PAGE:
Nothingness & Forgiveness

From a concussion to start my year and the dizzying dreamlike states of nothingness I entered into to the same nothing-like states of memory I find in relation to a head injury from years ago, I discuss how I navigate this in terms of post-traumatic growth whilst also suggesting how we ought to consider this growth in the ways we learn to forgive the other too.


Towards the end of December I went into a haze, and there is an odd thing to going into the new year with this experience of nothingness. Alan Watts, in speaking of the beauty of nothingness, would say, “the most real state is the state of nothing” [1] because it is what we came from, it is where we are heading, and it is everything in between, from the space in between spaces of atoms to the blankness when we close our eyes. And yes, describing nothing as this immense and profound understanding of reality is beautiful and fascinating, but when I was wading through that haze of nothingness, nothing felt further from reality: for at least two weeks even the air seemed unreal.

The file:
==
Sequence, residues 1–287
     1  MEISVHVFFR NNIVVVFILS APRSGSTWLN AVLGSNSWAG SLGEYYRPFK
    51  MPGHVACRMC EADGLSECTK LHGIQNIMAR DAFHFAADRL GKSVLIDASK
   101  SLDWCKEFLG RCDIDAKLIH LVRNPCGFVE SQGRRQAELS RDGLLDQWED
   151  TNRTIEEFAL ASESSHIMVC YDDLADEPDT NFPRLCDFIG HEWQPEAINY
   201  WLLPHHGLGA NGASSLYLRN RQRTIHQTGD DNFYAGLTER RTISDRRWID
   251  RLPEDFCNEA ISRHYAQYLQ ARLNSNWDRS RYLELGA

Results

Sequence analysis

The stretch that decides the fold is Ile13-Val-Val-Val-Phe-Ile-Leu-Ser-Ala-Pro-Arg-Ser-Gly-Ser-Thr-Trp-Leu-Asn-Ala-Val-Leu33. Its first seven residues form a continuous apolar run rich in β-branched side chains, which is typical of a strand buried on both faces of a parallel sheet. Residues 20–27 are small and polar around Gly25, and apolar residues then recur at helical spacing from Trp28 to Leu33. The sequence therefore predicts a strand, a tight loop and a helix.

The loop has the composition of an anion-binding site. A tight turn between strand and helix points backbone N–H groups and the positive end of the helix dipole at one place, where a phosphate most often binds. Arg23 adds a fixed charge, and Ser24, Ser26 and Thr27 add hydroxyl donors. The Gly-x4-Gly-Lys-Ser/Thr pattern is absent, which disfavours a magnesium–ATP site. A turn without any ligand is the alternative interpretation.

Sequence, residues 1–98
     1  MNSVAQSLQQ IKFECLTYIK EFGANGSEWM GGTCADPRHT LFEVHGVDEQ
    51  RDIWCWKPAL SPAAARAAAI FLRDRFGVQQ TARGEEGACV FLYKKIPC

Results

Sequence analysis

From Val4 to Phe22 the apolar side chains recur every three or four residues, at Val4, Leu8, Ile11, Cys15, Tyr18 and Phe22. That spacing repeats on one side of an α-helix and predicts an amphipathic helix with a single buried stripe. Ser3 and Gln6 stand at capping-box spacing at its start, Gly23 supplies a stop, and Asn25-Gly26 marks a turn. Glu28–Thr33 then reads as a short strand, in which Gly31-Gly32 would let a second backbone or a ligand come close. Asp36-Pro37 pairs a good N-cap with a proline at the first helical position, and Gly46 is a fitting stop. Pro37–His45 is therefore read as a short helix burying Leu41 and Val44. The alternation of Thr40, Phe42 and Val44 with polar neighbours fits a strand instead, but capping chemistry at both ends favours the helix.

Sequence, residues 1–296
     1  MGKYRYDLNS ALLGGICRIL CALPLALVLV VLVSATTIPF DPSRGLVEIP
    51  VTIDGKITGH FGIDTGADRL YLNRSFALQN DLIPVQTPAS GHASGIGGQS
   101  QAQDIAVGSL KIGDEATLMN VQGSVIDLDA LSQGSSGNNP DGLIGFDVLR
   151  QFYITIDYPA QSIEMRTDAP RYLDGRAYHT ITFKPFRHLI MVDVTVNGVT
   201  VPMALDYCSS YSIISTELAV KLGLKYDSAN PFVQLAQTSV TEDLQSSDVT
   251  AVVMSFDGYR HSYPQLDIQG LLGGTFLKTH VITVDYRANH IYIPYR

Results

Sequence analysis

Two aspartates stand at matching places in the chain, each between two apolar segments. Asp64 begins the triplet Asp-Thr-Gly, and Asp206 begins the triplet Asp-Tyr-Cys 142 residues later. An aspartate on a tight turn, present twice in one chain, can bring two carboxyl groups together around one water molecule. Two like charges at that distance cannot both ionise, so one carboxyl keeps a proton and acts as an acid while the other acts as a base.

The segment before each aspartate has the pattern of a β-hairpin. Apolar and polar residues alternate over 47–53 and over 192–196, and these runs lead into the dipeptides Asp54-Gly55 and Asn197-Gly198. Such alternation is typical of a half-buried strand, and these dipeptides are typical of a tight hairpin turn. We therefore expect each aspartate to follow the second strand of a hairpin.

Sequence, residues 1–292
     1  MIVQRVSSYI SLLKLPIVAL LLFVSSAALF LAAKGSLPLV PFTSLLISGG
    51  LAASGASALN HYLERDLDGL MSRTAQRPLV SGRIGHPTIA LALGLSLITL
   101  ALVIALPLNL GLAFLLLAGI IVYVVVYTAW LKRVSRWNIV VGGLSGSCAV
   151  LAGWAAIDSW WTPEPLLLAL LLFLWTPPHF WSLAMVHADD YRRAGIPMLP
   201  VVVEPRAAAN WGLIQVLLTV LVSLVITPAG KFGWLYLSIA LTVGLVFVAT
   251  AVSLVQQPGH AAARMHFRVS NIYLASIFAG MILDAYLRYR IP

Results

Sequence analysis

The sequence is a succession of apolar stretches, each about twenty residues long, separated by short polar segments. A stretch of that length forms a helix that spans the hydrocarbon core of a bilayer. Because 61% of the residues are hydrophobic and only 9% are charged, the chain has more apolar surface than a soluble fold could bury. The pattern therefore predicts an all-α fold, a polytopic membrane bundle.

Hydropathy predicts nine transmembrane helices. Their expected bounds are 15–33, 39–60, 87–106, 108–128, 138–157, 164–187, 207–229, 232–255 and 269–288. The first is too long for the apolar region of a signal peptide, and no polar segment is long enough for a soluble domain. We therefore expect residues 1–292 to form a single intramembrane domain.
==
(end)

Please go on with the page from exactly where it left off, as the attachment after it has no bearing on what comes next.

This dizzying descent into a dreamlike nothingness to end my December and begin the new year wasn’t from some intense spiritual realisation of Buddhist philosophy like Watts’ poetic description of the beauty of nothingness, it was harsh, unkind, and somewhat trivial in the sense it could just as easily occur to anyone on any day.

But what caused this nothingness? What can produce that which is simply nothing? It was just a bop, and that was all there was to it. I just simply received a rather nasty blow to the head which resulted in a concussion.